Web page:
3 3. Direct assessments 4. If we assign high credence to the conjunction of the premises, must we assign high credence to the conclusion? In McGee s cases, do we assign a high credence to the conjunction of the premises? Well, here there are only two premises. Assume that A and A B are probabilistically independent. Then the probability of their conjunction is the product of their probabilities. If we have 0.9 credence in both, then, our credence in their conjunction should be 0.81, which is still fairly high. Note also that the (a) premise in each of McGee s examples seems to be something we might believe with credence 1. 3 Direct assessments Instead of asking about whether it would be okay to infer the conclusions from the premises in McGee s examples, we might try assessing the truth values of the premises and conclusions in different scenarios. It is important to keep in mind here that, on most semantics for the indicative conditional, it will be highly contextually sensitive. For example, on Stalnaker s view, the truth of if A then B can depend on (a) what respects of similarity are contextually relevant and (b) on what has been presupposed (what the context set is). For example, as we have seen, if B is presupposed and A is compatible with what is presupposed, then A B is guaranteed to be true. (The closest A-world will have to be in the context set, and so it will be a B world.) But if B is not presupposed, A B can be false, even if B is true. Now let s suppose that, shortly before the 1980 election, Sarah uttered (1a) and (1b). Suppose that the context set governing her conversation at this time includes worlds where Reagan, worlds where Carter, and worlds where Anderson. As far as she is presupposing, any of the candidates could win. Did she speak truly in uttering (1a)? Plausibly, yes. She knew that Anderson and Reagan were the only Republican candidates. Did she speak truly in uttering (1b)? We know that she did, since Reagan, a Republican, did win the election. Did she speak truly in uttering (1c)? That is harder to answer, since the truth conditions of indicative conditionals are disputed. But let s think about it from the standpoint of Stalnaker s view. What was the closest world to the actual world where Reagan did not win? Presumably it was a world where Carter won, not a world where Anderson did. So (1c) was false, in Sarah s context. Granted, if it had been accepted in Sarah s context that a Republican would win, then (1c) would have been true in her context, because there would be no worlds in the context set where Carter. But let s imagine a case where this is not accepted. (Imagine either that Sarah is not making an assertion in uttering (1b), or that she is making an assertion, but her conversational partners don t accept it.) April 14,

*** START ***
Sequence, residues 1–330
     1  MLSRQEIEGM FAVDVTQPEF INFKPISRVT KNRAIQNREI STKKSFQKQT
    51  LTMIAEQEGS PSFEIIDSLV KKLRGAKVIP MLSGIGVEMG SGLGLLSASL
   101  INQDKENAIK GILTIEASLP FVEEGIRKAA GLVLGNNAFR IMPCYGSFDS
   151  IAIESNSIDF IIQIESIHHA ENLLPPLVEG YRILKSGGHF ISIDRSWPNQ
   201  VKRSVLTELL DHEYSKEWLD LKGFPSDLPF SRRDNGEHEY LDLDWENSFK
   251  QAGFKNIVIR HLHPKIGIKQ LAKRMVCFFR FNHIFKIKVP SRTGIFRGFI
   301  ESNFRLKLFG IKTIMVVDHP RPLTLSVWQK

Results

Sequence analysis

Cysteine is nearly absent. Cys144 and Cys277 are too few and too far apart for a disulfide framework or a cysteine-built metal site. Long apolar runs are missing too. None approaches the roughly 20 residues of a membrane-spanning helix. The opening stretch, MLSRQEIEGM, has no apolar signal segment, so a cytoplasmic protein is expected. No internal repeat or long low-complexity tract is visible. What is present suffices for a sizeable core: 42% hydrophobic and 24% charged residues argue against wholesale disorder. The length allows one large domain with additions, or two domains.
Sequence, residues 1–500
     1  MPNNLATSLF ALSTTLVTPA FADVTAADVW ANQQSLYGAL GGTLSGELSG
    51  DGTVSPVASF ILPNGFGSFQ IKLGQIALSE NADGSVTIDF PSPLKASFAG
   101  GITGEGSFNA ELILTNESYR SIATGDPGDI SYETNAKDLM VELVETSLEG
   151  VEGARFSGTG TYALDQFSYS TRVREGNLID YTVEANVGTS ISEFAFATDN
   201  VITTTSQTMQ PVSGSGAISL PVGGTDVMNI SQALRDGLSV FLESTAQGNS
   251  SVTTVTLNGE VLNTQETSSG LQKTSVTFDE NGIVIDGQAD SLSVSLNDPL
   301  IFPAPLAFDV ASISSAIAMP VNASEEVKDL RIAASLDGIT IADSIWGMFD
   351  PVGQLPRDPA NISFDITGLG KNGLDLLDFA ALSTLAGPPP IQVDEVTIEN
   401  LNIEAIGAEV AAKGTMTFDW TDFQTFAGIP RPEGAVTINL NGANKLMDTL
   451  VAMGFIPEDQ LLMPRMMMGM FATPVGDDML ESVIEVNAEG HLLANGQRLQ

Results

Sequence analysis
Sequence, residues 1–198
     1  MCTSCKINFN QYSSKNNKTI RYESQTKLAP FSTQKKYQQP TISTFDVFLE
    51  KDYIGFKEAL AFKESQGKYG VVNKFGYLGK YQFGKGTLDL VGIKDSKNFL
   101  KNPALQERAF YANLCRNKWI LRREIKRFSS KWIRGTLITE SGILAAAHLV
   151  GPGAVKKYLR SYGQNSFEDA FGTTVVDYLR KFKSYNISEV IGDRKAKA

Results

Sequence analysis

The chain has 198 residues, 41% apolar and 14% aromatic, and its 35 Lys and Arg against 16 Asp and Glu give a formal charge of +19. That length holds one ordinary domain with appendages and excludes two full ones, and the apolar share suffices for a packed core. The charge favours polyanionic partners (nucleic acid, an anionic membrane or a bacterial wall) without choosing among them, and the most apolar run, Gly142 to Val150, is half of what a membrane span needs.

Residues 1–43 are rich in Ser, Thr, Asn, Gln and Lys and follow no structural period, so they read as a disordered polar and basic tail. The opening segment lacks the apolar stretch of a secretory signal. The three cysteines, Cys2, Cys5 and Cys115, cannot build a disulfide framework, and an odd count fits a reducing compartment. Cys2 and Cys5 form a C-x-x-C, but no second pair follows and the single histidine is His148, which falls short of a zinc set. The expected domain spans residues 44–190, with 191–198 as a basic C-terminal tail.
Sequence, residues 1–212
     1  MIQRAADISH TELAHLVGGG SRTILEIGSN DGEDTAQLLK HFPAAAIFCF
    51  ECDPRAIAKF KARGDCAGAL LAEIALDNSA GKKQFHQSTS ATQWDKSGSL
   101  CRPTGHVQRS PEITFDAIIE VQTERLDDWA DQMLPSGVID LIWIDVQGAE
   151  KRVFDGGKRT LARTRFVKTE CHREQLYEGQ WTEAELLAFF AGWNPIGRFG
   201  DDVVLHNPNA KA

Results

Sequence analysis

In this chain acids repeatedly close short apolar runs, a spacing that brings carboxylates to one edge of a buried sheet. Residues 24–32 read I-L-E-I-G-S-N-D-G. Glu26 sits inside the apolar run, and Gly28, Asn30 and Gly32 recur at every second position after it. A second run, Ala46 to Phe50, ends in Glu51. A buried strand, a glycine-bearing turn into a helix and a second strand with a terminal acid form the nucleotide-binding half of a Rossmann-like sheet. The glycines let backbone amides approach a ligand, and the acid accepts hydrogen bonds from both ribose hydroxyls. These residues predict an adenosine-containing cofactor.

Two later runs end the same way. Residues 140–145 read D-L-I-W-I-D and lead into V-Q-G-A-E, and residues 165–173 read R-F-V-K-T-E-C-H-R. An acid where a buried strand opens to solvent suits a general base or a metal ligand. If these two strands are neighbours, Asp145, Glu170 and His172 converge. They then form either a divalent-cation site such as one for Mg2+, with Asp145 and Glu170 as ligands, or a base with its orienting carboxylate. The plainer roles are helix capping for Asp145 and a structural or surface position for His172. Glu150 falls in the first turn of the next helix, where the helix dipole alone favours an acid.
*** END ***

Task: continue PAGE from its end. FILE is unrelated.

4 4. Modus ponens vs exportation But hold on! We know that on Stalnaker s semantics, modus ponens is valid. If A and A B are both true at a world, B has to be true at that world. And now we re saying that Stalnaker s semantics agrees with McGee that (1c) is false, in the imagined context. So what s going on? Stalnaker will have to deny that either (1b) or (1a) expresses a truth. (1b) is undeniably true, so he will have to reject (1a). If we think about Stalnaker s semantics, it s easy to see that it doesn t vindicate our intuition that Sarah s utterance of (1a) is true. Consider the actual world. It s a world where a Republican will win the election. So (1a) is true at that world if (1c) is true at that world. We have just seen that (1c) is not true at that world, since the closest world where Reagan does not win is a world where Carter. So (1a) is not true either. McGee would say: This doesn t show that we don t have a counterexample to modus ponens. It just shows that Stalnaker s semantics is not right. For clearly (1a) is true in the imagined context. 4 Modus ponens vs exportation McGee argues that if we want a counditional that is stronger than the material conditional and weaker than strict implication, we need to choose between modus ponens and Exportation (A B) C A (B C ) He gives the argument with a great deal of rigor [2, pp ]. The basic idea, though, is very simple (it is similar to an idea from Allan Gibbard s [1]): 1. Suppose A B. 2. (A B) A logically implies B. (fact) 3. So, ((A B) A) B. (StrImp: If φ logically implies ψ, then φ ψ is true) 4. So, (A B) (A B). (Exportation) 5. So, A B. (Modus ponens for from 1 and 4) So, if we have exportation and StrImp, the material conditional implies the indicative! We can fix this by: (a) giving up the assumption that is weaker than strict implication and stronger than. (b) giving up exportation. (c) giving up modus ponens. McGee argues that we should choose (c). Exportation is plausible across the board, he thinks arguing inductively from some examples! Can you think of counterexamples? McGee notes that Stalnaker s semantics does not seem to endores exportation. What would Stalnaker s semantics say about the following two conditionals? April 14,

5 REFERENCES REFERENCES (1) If Reagan hadn t won the election and a Republican had won, it would have been Anderson. (2) If Reagan hadn t won the election, then if a Republican had won, it would have been Anderson. References [1] Allan Gibbard. Two Recent Theories of Conditionals. In: IFS: Conditionals, Belief, Decision, Chance, and Time. Ed. by William L. Harper, Robert Stalnaker, and Glenn Pearce. 1981, pp [2] Vann McGee. A Counterexample to Modus Ponens. In: Journal of Philosophy 82 (1985), pp April 14,